In Electric-Drive Mode, Volkswagen XL1 is the World’s Most Efficient Plug-In Vehicle

4 years ago by Eric Loveday 13

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Aerodynamic and Lightweight, the VW XL1 Leads in Electric Drive Mode Efficiency

Aerodynamic and Lightweight, the VW XL1 Leads in Electric Drive Mode Efficiency

Volkswagen wants us all to know that it’s ultra-aerodynamic XL1 plug-in hybrid is the world’s most efficient electric-drive vehicle.

The German automaker just released a nifty graphic (posted above), which compares the electric-drive efficiency of today’s available plug-in vehicles.

As the graphic shows, the XL1 is easily the most efficient operator when it’s in electric-only mode.  However, the XL1 can only stay in that mode for up to 31 miles and that’s an optimistic claim for sure.

It’s worth pointing out that VW used EPA test methodology for all of the vehicles shown in the chart above, but choose to use NEDC test procedures (likely because the XL1 has not been subjected to EPA testing) for the XL1.

According to VW, the XL1 achieves this top-level efficiency mainly due to aerodynamics (it is the most slippery production vehicle ever with a coefficient of drag of 0.189) and low weight.  The XL1 barely even tips the scales at 1,753 pounds.

We’ve listed below some additional specs that might be worth mentioning here:

  • slightly askew 2 person seating
  • top speed of 98 mph
  • 0-62 mph in 12.7 seconds
  • scissor doors
  • NEDC rating of 261 mpg
  • 0.8 liter two-cylinder TDI diesel engine that puts out 47 hp
  • 20kW electric motor
  • 7-speed dual-clutch transmission

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13 responses to "In Electric-Drive Mode, Volkswagen XL1 is the World’s Most Efficient Plug-In Vehicle"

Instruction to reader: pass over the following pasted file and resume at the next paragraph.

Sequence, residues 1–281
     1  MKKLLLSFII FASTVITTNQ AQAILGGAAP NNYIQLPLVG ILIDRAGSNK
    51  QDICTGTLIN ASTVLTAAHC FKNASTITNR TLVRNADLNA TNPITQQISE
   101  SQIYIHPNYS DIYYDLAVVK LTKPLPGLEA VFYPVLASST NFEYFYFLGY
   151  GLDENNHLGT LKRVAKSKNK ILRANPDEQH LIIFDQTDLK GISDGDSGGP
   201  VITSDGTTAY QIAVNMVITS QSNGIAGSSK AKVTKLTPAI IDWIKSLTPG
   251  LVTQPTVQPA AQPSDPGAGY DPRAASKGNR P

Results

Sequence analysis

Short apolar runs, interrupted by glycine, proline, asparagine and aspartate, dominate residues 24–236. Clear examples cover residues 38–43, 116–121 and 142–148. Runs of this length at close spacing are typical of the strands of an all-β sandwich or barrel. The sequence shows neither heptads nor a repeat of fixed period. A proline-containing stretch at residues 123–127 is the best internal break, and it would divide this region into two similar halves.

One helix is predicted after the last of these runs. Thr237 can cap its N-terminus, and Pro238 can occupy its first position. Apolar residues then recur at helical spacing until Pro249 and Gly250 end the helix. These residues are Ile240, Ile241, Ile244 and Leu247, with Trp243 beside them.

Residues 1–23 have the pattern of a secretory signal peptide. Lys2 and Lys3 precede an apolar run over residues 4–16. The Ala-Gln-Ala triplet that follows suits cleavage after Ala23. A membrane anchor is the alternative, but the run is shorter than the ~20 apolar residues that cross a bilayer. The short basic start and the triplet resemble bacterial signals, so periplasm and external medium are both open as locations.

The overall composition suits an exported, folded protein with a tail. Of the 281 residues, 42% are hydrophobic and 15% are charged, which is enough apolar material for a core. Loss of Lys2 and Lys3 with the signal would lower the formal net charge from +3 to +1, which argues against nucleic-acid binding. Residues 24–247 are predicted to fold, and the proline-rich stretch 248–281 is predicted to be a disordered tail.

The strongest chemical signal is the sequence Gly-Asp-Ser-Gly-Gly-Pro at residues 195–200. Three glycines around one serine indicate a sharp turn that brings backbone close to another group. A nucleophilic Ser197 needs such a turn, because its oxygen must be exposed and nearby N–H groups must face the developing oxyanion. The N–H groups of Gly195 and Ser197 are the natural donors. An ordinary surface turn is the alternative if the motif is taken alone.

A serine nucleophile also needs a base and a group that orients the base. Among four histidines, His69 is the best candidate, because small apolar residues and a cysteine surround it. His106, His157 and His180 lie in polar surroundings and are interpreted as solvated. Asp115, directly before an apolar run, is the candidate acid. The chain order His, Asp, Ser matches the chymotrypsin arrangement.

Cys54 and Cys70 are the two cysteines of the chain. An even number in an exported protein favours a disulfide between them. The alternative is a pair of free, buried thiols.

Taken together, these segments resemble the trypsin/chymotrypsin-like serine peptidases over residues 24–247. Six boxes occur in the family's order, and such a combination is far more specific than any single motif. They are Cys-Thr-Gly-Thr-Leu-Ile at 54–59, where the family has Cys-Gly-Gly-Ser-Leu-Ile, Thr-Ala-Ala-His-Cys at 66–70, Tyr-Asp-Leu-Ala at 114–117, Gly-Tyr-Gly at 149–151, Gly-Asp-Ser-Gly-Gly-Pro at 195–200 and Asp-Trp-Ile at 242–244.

1. Spin says:

    Very nice Volkswagen. How about a chart for how much does it cost and when can I buy it?

    1. Cavaron says:

      +1

    2. taser54 says:

      Oops … VW just cancelled production of the car [10 second pause] OK production is back on track [20 second pause] We regret to inform you that it is cancelled again … [rinse, repeat].

  2. Andy says:

    Im sorry but this is just silly. The NEDC is far from compareble to the EPA.

  3. Warren says:

    In the real world, the XL1 is a solid 100 mpg car, about 2.5 times as good as a Leaf, and 3 times as good as a 85 kWh Tesla S. So what. It is not being made available to the general public. It is a PR exercise. Other than the modern EV drivetrain, there is nothing about this car that was not already demonstrated at least once a decade for one hundred years!

    http://1.bp.blogspot.com/-0X0j1ym2tZk/Tp3PBAK4ulI/AAAAAAAAOlA/NToOz-Ql1M0/s640/pillbug+car.jpg

    As long as gas is still as cheap as water, the public will always opt for big boxes.

    1. zilm says:

      2.5 times? 3 times?
      do you know how to use calculator?

      1. Warren says:

        Yes.

    2. Malcolm Scott says:

      Warren, Yes, but…